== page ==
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Psychology: Research and Review

Effects of Promove – Saúde da Mulher on anxiety, depression, social skills, and satisfaction: A single-subject design


Terapia Analítico-Comportamental (TAC) (in English, behavioral-analytic therapy, behavior therapy, or clinical behavior analysis) is a possible intervention for cases of anxiety and depression, but it still has much to advance in terms of efficacy and clinical utility evidence. This article aims to describe the effects of a semi-structured intervention in the model of TAC regarding anxiety and depression, behavior, complaints, and satisfaction indicators. Participants included three women with children, marital relationships, and work, aged between 34 and 41 with complaints compatible with anxiety and depression disorders. The intervention used Promove – Saúde da Mulher (PSM) (in English, Promote Women’s Health), which included 17 topics, most of them related to social skills. Instruments included the GAD-7 for anxiety, PHQ-9 for depression, IHS-2 Del Prette for social skills, a Complaints Checklist for monitoring clinical demands, and an Evaluation of the Therapeutic Process to describe clients’ satisfaction rates. The results from the standardized instruments were statistically analyzed via the JT method. All three participants showed reliable improvements in anxiety and/or depression, improvement in most complaints, and satisfaction with the intervention and its outcomes. Acquisition of social skills occurred in two cases. One participant dropped out and another one relapsed at follow-up. The efficacy criteria were used to evaluate the internal validity of the present study. The study collected the first evidences of outcome and satisfaction for PSM, thus enabling future investigations on the efficacy and clinical utility of this intervention program.

The prevalence of anxiety and depression disorders (American Psychiatric Association, 2013) is a worldwide public health problem. In Brazil, which ranked first in the prevalence of anxiety and third in depression in 2015, the situation is even more pressing (World Health Organization, 2017). The damage caused by these disorders is amplified if they occur simultaneously, which is fairly common (Cyranowski et al., 2012; Fernandes et al., 2018; Starr et al., 2014), since approximately 50% of people present both disorders simultaneously (Johansson et al., 2013).

From the point of view of behavior analysis, anxiety disorders involve a wide variety of respondent and operant contingencies, both verbal and non-verbal, in addition to establishing operations that increase the likelihood of anxious behaviors (Coêlho & Tourinho, 2008; Dymond & Roche, 2009). In this process, signals of aversive stimulation play an important role as triggers for anxious responses (Skinner, 1953; Zamignani & Banaco, 2005). Therefore, responses maintained by positive reinforcement decrease, which can be explained by the individual’s overexposure to aversive stimuli (conditioned suppression). We also observe an increase in avoidance and escape responses—especially when aversive stimuli are avoidable or controllable (Coêlho & Tourinho, 2008).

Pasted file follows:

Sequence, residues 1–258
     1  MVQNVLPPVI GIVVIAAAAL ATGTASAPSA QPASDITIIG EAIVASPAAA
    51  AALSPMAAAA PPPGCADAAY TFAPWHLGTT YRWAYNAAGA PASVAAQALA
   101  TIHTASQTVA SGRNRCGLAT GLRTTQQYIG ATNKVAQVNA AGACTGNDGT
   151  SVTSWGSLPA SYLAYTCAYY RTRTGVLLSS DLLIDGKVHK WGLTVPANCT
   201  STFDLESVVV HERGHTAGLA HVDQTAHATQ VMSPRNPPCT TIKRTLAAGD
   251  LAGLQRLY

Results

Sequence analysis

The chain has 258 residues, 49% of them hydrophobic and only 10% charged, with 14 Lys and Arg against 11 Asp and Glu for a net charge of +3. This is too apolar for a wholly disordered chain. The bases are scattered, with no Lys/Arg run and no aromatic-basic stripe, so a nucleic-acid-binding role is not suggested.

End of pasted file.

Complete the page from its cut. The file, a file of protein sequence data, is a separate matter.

Based on the same theoretical approach, depressive disorders can appear as a result of three simultaneous or isolated processes: loss of availability of reinforcing stimuli, inefficiency of one’s repertoire to acquire reinforcers, and/or lower magnitude of stimuli’s reinforcing value for the individual (Abreu & Abreu, 2017). Dougher and Hackbert (1994) present other explanatory variables for depression, namely excessive uncontrollable punishment and unintentional reinforcement of depressed behaviors by close people. An example of the latter would be when a partner offers attention and support whenever their depressed wife cries or isolates herself. The same applies to anxious behaviors (Coêlho & Tourinho, 2008).

Incidence of anxiety and depression among women

Anxiety and depression disorders are more often reported by women (World Health Organization, 2017), which could be explained by cultural (Correia & Borloti, 2011; Heise et al., 2019) and biological (Li & Graham, 2017; Noble, 2005) risk factors. Cultural factors include gender inequalities and assigned roles at home and work, such as attributing to women the responsibility for household chores and childcare (Correia & Borloti, 2011) as well as workplace discrimination (Heise et al., 2019). If analyzed from a functional standpoint (Fonseca & Nery, 2018), such factor may account for an increased rate of contact with signaled and controllable aversive stimulation (e.g., spouse’s requests related to meals evoke anxious behaviors, which leads to the preparation of meals) and uncontrollable aversive stimulation (e.g., gender-based violence resulting in depression). In addition, task overload competes with the access to important reinforcers (e.g., social life, leisure activities) for the woman.

Interpersonal repertoire as a risk factor